Penguins coach Dan Bylsma decided a long time ago that he would pursue a career in ice hockey, and probably never had much reason to second-guess his decision.
After all, he appeared in 429 NHL games as a blue-collar winger for Los Angeles and Anaheim, and has enjoyed considerable success in the early years of what figures to be a long run as a head coach in the league.
It just might be, though, that Bylsma would have done pretty well if he had opted to work in baseball, instead.
After all, he proved Monday that he can throw a curve and hit a home run at the same time.
With the regular season two-thirds over and his team coming off weekend victories against Winnipeg and Tampa Bay, Bylsma opted against conducting a conventional practice at Consol Energy Center.
Rather, he first had the seven defensemen go on the ice for a little more than a half-hour, then had 10 forwards -- Evgeni Malkin and Matt Cooke were excused for "maintenance days" -- go through a separate workout for 35 minutes or so.
Goalies Marc-Andre Fleury and Brent Johnson were the only players on the ice the entire time.
There was a brief period in which the forwards and defensemen were there, but the forwards were at one end of the rink, the defensemen at the other.
Bylsma said he has conducted such position-specific practices before, but could not recall when. A random sampling of players didn't turn up anyone who had experienced such a workout, at any level.
"That was definitely a first for me," center Jordan Staal said.
Forward Richard Park, who broke into the NHL in the 1994-95 season, said the same, but clearly won't object to having other split-squad sessions in the future.
"I think it's a fantastic idea, if you really think about it," he said.
"It kind of [breaks] up that monotony that presents itself throughout the season."
That was a popular sentiment in the locker room, and was precisely what Bylsma had in mind.
"At this time of year, having practice and going through a series of drills that maybe you've done throughout the year may not get the attention focused, especially after having played the two games," he said.
"I just wanted the opportunity to take a day, work on some skills, specific skills, individual skills, possibly partner skills on the defensive pairings. ... [We were] really trying to focus on some skills we can get something out of, something where we're going out with a purpose and a plan to get specific skills worked on and improved."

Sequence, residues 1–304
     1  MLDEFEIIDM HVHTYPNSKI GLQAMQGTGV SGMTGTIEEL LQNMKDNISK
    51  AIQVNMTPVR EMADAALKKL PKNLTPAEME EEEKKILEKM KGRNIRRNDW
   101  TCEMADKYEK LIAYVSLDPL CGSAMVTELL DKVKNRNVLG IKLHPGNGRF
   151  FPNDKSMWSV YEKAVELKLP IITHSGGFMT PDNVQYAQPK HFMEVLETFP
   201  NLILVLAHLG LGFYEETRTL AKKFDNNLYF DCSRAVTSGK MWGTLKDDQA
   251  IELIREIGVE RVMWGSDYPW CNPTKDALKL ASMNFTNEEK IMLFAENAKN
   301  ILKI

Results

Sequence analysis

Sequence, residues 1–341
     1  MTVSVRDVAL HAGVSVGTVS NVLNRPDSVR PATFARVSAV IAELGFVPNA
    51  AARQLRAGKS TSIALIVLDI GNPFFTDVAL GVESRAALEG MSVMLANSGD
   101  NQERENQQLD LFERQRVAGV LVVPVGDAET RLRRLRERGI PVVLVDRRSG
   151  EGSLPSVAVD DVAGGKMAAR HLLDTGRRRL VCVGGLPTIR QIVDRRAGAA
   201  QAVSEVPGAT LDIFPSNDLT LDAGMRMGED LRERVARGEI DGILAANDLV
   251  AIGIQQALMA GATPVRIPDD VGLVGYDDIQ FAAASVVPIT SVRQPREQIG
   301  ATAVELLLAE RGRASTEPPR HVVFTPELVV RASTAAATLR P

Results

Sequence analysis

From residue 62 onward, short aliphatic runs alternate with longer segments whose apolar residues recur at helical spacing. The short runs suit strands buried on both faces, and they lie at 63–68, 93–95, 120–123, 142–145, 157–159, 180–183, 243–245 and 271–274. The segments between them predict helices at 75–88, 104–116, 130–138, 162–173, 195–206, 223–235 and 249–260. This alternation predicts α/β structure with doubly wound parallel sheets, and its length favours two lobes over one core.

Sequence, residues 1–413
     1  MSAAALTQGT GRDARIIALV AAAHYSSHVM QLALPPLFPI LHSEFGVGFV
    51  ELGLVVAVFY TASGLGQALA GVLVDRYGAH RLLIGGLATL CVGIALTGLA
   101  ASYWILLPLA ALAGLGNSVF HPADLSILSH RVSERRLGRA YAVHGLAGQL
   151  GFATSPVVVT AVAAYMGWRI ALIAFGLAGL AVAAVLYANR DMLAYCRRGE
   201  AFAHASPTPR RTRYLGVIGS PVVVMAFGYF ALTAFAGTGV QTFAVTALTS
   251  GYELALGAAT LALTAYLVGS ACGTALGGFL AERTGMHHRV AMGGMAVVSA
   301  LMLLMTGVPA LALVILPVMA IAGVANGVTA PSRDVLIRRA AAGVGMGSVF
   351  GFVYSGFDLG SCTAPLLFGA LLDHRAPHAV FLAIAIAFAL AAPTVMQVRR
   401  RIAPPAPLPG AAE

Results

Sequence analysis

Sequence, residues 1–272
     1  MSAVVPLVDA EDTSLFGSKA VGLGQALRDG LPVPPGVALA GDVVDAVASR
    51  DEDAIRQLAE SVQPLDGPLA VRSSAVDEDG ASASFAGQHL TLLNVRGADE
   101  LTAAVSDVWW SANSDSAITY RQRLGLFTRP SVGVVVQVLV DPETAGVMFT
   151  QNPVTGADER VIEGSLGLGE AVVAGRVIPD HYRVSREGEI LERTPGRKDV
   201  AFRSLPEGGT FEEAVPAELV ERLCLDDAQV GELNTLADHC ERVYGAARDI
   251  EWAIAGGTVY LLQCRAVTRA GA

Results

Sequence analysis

Defenseman Simon Despres (knee) was removed from the injured-reserve list and assigned to the Wilkes-Barre/Scranton Baby Penguins of the American Hockey League.
He sat out 15 games while recovering from a knee injury in a Jan. 10 game against Ottawa. Despres, 20, has one goal and three assists in 20 NHL appearances this season. He is regarded as one of the Penguins' top prospects.
Center Evgeni Malkin was named the NHL's No. 2 star for the week that ended Sunday.
He had three goals and five assists, along with a plus-minus rating of plus-6, in three games and ran his league-leading points total to 69.
Phoenix goalie Mike Smith was the No. 1 star, while St. Louis forward David Perron was No. 3.
Malkin has been honored by the league six times this season.
He was the No. 1 star for December, the No. 2 star for January, the No. 1 star for the week of Jan. 16-22 and the No. 3 star for the weeks ending Dec. 18 and Jan. 15.
Center Sidney Crosby (concussion-like symptoms, neck) and winger Arron Asham (concussion) had scheduled days away from the ice, Bylsma said. ... Forward Mike Comrie, who played the final 21 of his 589 career NHL games with the Penguins, retired Monday. His career was cut short by nagging hip problem. Comrie is married to singer Hilary Duff, who is scheduled to give birth to the couple's first child next month.